Article image

Scientists investigate the origin of photosynthesis

Despite the fact that photosynthesis has been taught in schools for centuries, experts still do not have a precise estimate of when the process first arose on Earth. In a new study, scientists at the Massachusetts Institute of Technology have pinpointed exactly when cyanobacteria evolved oxygenic photosynthesis.

The evolution of oxygenic photosynthesis allowed cyanobacteria to turn light and water into energy, resulting in the accumulation of oxygen in the atmosphere and oceans and kickstarting the diversification of life on Earth’s habitat.

The MIT scientists, based in the Department of Earth, Atmospheric and Planetary Sciences, developed a new genetic analysis technique that traced the origin of cyanobacteria back to 2.9 billion years ago.

This evolutionary process began when ancestors of cyanobacteria branched off from other bacteria around 3.4 million years ago, with photosynthesis as we know it arising within the next 500,000 years.

“In evolution, things always start small,” explained study lead author Greg Fournier. “Even though there’s evidence for early oxygenic photosynthesis – which is the single most important and really amazing evolutionary innovation on Earth – it still took hundreds of millions of years for it to take off.”

Fournier explained that variation in results between genetic analysis techniques can have great implications on our perception of evolutionary narratives. The new technique suggests that photosynthesis developed over 500,000 years after the rise of cyanobacteria, while past techniques suggested that the roots appeared far later, with rapid development of photosynthesis following shortly after.

“In order for us to understand the history of habitability on Earth, it’s important for us to distinguish between these hypotheses,” Fournier explained.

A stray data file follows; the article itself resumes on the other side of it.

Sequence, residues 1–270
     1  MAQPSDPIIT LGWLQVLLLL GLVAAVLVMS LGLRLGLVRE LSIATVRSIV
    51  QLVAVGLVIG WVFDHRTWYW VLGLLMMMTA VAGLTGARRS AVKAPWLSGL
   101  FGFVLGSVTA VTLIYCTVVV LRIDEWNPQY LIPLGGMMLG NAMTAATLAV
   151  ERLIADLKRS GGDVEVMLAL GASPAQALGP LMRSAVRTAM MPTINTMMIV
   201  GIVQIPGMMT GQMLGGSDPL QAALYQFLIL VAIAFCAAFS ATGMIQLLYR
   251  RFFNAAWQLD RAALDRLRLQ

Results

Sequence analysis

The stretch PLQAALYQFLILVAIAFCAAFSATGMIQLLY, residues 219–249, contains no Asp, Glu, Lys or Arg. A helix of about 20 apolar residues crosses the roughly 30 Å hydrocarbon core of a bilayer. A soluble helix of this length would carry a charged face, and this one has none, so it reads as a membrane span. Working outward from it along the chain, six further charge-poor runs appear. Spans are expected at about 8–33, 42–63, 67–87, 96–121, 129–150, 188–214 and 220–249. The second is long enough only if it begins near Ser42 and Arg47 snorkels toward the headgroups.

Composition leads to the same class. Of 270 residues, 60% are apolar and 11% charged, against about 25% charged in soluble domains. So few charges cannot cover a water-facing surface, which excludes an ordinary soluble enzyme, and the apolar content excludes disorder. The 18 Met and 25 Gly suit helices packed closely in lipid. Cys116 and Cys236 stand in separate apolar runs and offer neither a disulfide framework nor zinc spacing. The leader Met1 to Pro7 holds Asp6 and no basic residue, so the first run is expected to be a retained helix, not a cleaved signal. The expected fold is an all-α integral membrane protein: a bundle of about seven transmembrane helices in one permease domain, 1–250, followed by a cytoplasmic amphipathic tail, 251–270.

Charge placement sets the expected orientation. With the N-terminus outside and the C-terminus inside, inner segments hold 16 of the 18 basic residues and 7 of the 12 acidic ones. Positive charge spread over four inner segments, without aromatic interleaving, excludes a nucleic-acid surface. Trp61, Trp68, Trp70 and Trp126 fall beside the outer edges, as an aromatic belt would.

The new genetic analysis technique combines both molecular clock dating and horizontal gene transfer. Horizontal gene transfer essentially concerns the tracking of genes developing from other species, as opposed to traditional ‘vertical’ inheritance.

The method allows researchers to pinpoint timeframes that genes originated from more precisely, helping to determine the relative ages between bacterial groups. This can then be incorporated with traditional molecular clock prediction models.

Essentially, the hybrid analysis technique was used to locate horizontal genetic transfer across cyanobacteria, identifying 34 instances that matched one out of six existing molecular clock models.

Using this model to estimate the age of the origins of cyanobacteria, the team found that the “crown” group of cyanobacteria branched off from other bacteria around 3.4 billion years ago. Ultimately, this indicated that photosynthesis had already been happening for half a billion years, tipping the Earth into the GOE and thus life diversification.

“This work shows that molecular clocks incorporating horizontal gene transfers (HGTs) promise to reliably provide the ages of groups across the entire tree of life, even for ancient microbes that have left no fossil record… something that was previously impossible,” said Fournier.

The research is published in the journal Proceedings of the Royal Society B.


By Calum Vaughan, Staff Writer

News coming your way
The biggest news about our planet delivered to you each day